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Archives for July 2014

New Developments Strengthen Protections For Gay Employees

Ann Wittenauer

Only 18 states currently have state statutes that protect employees against both sexual orientation and gender identity discrimination in both public and private sector employment.  Additionally, Title VII of the Civil Rights Act of 1964 which prohibits several forms of discrimination, does not include a person’s sexual orientation in its protected categories.

On July 21, 2014, however, President Barack Obama signed an executive order making it illegal for federal contractors and subcontractors to discriminate against employees on the basis of sexual orientation or gender identity, and a recent decision by a federal district court judge may have extended protections for gay employees in the private sector.

In March 2014, District Court Judge Colleen Kollar-Kotelly found that a lawsuit by a gay man against the Library of Congress could proceed through the discovery process.  According to the plaintiff in that case, when his conservative Catholic supervisor discovered that the plaintiff was gay, his supervisor began to assign work to the plaintiff which was beyond his experience and which was too much for a solitary employee to complete.  The supervisor also allegedly began lecturing the plaintiff that he “would be going to Hell” because of his homosexuality.  According to Judge Kollar-Kotelly, the plaintiff alleged that he is “a homosexual male whose sexual orientation is not consistent with the Defendant’s perception of acceptable gender roles,” that his “status as a homosexual male did not conform to the Defendant’s gender stereotypes associated with men” and that “his orientation as homosexual had removed him from [his supervisor’s] preconceived definition of male.” Judge Kollar-Kotelly ruled that these allegations stated a claim for relief and that the plaintiff’s lawsuit could proceed.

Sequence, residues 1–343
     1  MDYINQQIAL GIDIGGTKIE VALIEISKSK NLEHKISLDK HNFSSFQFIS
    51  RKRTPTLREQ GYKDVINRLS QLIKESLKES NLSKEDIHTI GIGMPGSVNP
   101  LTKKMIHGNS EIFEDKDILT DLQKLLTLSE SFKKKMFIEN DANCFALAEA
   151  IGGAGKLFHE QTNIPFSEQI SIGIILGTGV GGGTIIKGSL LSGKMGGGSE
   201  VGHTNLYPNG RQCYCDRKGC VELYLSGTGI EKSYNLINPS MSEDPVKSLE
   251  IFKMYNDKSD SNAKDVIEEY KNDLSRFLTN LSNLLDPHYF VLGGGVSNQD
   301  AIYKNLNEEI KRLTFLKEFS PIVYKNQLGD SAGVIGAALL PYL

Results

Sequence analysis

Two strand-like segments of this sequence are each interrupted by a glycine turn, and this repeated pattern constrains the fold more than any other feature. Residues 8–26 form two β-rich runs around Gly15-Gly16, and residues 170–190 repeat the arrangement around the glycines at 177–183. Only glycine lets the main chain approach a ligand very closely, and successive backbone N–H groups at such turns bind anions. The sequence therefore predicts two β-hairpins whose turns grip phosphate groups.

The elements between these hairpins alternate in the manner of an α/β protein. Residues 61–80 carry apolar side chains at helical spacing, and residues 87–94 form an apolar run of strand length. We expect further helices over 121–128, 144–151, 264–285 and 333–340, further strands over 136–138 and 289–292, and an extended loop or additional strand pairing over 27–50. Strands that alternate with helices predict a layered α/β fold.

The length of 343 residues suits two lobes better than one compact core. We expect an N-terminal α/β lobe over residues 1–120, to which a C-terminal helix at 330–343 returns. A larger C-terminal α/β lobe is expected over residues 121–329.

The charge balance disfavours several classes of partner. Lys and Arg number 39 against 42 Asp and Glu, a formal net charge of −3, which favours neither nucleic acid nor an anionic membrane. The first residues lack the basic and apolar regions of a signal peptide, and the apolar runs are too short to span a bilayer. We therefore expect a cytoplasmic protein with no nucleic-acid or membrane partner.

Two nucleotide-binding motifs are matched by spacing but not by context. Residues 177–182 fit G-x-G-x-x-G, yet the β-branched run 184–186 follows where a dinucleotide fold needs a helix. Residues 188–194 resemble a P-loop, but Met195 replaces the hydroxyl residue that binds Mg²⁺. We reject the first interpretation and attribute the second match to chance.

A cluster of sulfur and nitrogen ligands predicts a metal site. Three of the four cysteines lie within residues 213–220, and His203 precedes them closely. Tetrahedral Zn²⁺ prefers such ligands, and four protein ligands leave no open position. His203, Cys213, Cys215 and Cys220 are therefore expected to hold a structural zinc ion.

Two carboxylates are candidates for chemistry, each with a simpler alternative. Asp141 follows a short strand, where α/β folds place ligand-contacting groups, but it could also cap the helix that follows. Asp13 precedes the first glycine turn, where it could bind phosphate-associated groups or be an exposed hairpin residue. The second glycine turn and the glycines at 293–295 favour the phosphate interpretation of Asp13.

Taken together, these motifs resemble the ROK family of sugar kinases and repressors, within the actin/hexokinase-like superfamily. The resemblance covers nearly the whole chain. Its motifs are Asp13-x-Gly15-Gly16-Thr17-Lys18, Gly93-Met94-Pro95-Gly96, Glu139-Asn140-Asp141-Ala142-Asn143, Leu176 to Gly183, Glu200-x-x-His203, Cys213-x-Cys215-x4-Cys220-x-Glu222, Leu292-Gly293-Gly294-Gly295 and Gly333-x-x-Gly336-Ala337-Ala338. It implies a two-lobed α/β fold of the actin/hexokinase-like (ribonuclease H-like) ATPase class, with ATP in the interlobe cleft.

The United States Supreme Court and other federal appellate and district courts had previously found that terminations or other adverse employment actions based on an employee’s failure to fit sex role stereotypes about how men and women should act or dress are a form of sex discrimination prohibited by Title VII.  Judge Kollar-Kotelly’s decision appears to extend protection for employees who are terminated simply for being gay.

 

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Even Among Lawyers, Women Are Paid Less

Katherine Neff

Sky Analytics, who provides spend management software to corporate legal departments, released its first ever gender study using actual billing records from law firms. The study, along with a National Association of Women Lawyers study on gender biases in the legal profession, highlights the pay disparity between men and women.

According to the studies, female partners in larger law firms bill an average of 10% less per hour for their services than their male counterparts. In smaller firms, the difference is more significant with female partners billing 12% less than males per hour. Even female associates bill $27.00 less per hour on average than their male colleagues, despite being in a junior lawyer position where pay is based upon the number of practice years as opposed to how many hours they bill. Moreover, despite females making up one-third of the lawyers and judges in this country, women make up only 17% of equity partners with ownership stakes at the 200 top-grossing U.S. law firms. Women are also underrepresented in management roles and on powerful decision making committees within firms.

While it may not be surprising that women are still missing from the corner offices of the top U.S. law firms, just like they are in the Fortune 1000 companies in the U.S., considering that lawyers are in the profession of upholding, defending and understanding the laws, one would hope the legal profession would be better at recognizing gender biases.

Currently fifty percent of the equity partners in Freking & Betz are female.

For more information see:

Female Lawyers Still Battle Gender Bias by Jennifer Smith of the Wall Street Journal. Published May 4, 2014.

Study: Gender Disparity in Billing Rates by The National Association of Legal Fee Analysis.

The Sky Analytics Gender Study can be found here.

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